Relaymedia

Beating Competition at Its Own Game

( [email protected] ) Jun 16, 2004 11:27 PM EDT

Christian retailers who've seen pieces of the retail pie gobbled up by online sales can now use the same technology to turn tables on the competition. The purchase of an online bookstore from Spread the Word (STW), the world's largest inventory of Christian products on the Internet, provides a source of income for Christian bookstores, churches, organizations and individuals.

A one-time $290 fee and a 10-minute sign-up process results in a customizable Web site with more than 158,000 products - compared to Amazon's 60,000 Christian products and Christian Book Distributors' estimated 90,000 - including books, Bibles, music software and gifts, through agreements with Spring Arbor, Appalachian, Alpha USA, Group Publishing and Foundation Publications.

STW went online in October 2002, following a test market of its services at a Christian bookstore kiosk at Metrocenter mall in Phoenix. Sixty days later, with 51 bookstores on the board, the mall location was closed and the transition into traditional office space in Phoenix began. Today, the company has 1,100 affiliate bookstores.

Tom Pittman, vice president of operations, and Steve Darrow, president and CEO, left successful businesses in the general market to launch STW after realizing that 80%-85% of the $4.2 billion Christian products industry is being sold through non-Christian channels.

"We want to redirect the consumer buying power of Christians from the secular world back into the Christian community," Pittman said, whose online business has been succeeding in the face of Web sites such as ibelieve.com and ichristian.com failing.

In the month that Jim Cox launched his bookstore web site, he said he reclaimed sales previously lost to the Internet.

The owner of the three-store Anchor Book Shop chain in Tennessee and Virginia had his domain name secured years ago, but didn't have the time or money to invest in the site.

"People used to call and ask for titles and ISBNs and then turn around and order products from Amazon.com," he said. "Now we direct them to our Web site."

While he doesn't make the margins that he does in his traditional store, the tradeoff is no overhead cost since the product is shipped directly from the distributor to the customer.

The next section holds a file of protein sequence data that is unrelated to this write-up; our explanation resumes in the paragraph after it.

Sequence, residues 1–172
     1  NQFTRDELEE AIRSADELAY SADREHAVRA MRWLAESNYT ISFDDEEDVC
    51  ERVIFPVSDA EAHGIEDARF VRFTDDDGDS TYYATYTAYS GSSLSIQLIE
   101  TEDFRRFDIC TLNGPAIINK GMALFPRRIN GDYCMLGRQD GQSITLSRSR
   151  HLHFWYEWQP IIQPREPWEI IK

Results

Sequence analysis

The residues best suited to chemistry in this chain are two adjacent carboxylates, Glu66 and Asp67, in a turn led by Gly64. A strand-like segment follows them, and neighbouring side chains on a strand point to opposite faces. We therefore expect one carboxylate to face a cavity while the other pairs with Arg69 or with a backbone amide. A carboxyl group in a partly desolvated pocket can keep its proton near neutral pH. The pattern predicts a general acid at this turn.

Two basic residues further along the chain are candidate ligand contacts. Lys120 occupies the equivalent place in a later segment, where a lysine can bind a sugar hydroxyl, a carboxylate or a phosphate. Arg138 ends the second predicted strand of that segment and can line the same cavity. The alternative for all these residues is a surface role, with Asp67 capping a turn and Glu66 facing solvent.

"You don't have special orders in the back that nobody picks up," he said. "I'd rather make a few percentage points than not get the sale at all."

He said the site is beginning to pick up regular customers, particularly those living in Tennessee who avoid the state's 9.5% sales tax by ordering online and receive shipments usually in 2-3 days, and no later than 6-10 days.

A bookstore owner's role is primarily to promote their site, while STW processes credit card payments, handles returns and sends a monthly commission check. Owners can use a STW template or customize their site to include, store name, logo, hours and upcoming events. Marketing and sales tracking tools are available online as well options to control the site's content. Owners can decide how much of their 30% commission they want to pass along to shoppers.

Online bookselling represents the third retailing venue for mother-and-daughter Ann Wolf and Jackie Johnson, who started out doing home parties and launched Sonshine House in Newark, Del., in 1987, selling to Family Christian Stores in 1999, with Jackie remaining on as manager until last year.

They launched their bookstore website in August.

"It's everything we love, less all the huge workload and stress that comes with running a store for 17 years," Johnson said. "If we hadn't found it (STW), I don't know that we would still be in Christian retailing."

Wolf added that this is a way that independent storeowners can "keep their business and not feel pressure to sell" because of competition.

Setting up a traditional online bookstore typically requires store owners to coordinate multiple vendors as well as pay merchant account setup fees, payment gateway setup fees and ongoing monthly fees even before making one sale. In addition to setup and monthly fees, these systems also charge store owners per-transaction fees as well as a percentage of each sale's total.

SpreadtheWord bookstores change everything. There are no merchant account or gateway setup fees as well as no monthly fees, no per-transaction fees and no percentage fees. For $290 you can own your own fully-stocked Christian bookstore and earn 30% of each item's retail price or pass some of the savings on to your customers.

Each SpreadtheWord bookstore comes completely stocked with over 150,000 of the latest Christian books, CD's, video's and gifts and accepts all major credit cards are accepted and SpreadtheWord even handles shipping for all pre-stocked products.

For more information, contact Spread the Word's Swiss Valley Christian Bookstore at 1-440-282-1683 or visit swissvalley.spreadtheword.com